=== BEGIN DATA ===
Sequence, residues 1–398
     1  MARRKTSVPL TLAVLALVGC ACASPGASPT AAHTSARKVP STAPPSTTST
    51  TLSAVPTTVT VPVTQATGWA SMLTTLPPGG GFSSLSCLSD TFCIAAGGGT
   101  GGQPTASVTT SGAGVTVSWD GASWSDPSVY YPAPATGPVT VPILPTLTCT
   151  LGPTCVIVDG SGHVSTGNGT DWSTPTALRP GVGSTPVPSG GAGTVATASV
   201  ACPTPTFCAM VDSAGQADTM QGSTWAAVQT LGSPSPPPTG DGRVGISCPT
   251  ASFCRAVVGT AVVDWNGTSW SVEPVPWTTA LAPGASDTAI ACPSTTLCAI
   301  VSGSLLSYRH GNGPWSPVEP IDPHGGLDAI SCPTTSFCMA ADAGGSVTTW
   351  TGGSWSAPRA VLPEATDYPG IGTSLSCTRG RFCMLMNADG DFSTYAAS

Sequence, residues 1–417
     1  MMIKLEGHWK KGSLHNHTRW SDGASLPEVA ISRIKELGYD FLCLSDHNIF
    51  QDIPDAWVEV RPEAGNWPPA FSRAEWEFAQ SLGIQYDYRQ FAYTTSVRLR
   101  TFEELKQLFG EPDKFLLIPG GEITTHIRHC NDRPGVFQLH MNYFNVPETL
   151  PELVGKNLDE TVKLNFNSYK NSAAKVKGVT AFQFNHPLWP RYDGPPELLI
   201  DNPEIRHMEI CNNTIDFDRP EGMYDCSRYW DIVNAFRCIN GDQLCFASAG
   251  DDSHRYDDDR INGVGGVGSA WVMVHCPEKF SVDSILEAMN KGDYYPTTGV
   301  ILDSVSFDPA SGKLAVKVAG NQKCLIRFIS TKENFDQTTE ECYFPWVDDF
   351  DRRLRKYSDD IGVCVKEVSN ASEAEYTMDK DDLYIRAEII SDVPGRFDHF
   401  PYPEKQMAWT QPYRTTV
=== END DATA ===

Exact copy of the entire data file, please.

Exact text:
Sequence, residues 1–398
     1  MARRKTSVPL TLAVLALVGC ACASPGASPT AAHTSARKVP STAPPSTTST
    51  TLSAVPTTVT VPVTQATGWA SMLTTLPPGG GFSSLSCLSD TFCIAAGGGT
   101  GGQPTASVTT SGAGVTVSWD GASWSDPSVY YPAPATGPVT VPILPTLTCT
   151  LGPTCVIVDG SGHVSTGNGT DWSTPTALRP GVGSTPVPSG GAGTVATASV
   201  ACPTPTFCAM VDSAGQADTM QGSTWAAVQT LGSPSPPPTG DGRVGISCPT
   251  ASFCRAVVGT AVVDWNGTSW SVEPVPWTTA LAPGASDTAI ACPSTTLCAI
   301  VSGSLLSYRH GNGPWSPVEP IDPHGGLDAI SCPTTSFCMA ADAGGSVTTW
   351  TGGSWSAPRA VLPEATDYPG IGTSLSCTRG RFCMLMNADG DFSTYAAS

Sequence, residues 1–417
     1  MMIKLEGHWK KGSLHNHTRW SDGASLPEVA ISRIKELGYD FLCLSDHNIF
    51  QDIPDAWVEV RPEAGNWPPA FSRAEWEFAQ SLGIQYDYRQ FAYTTSVRLR
   101  TFEELKQLFG EPDKFLLIPG GEITTHIRHC NDRPGVFQLH MNYFNVPETL
   151  PELVGKNLDE TVKLNFNSYK NSAAKVKGVT AFQFNHPLWP RYDGPPELLI
   201  DNPEIRHMEI CNNTIDFDRP EGMYDCSRYW DIVNAFRCIN GDQLCFASAG
   251  DDSHRYDDDR INGVGGVGSA WVMVHCPEKF SVDSILEAMN KGDYYPTTGV
   301  ILDSVSFDPA SGKLAVKVAG NQKCLIRFIS TKENFDQTTE ECYFPWVDDF
   351  DRRLRKYSDD IGVCVKEVSN ASEAEYTMDK DDLYIRAEII SDVPGRFDHF
   401  PYPEKQMAWT QPYRTTV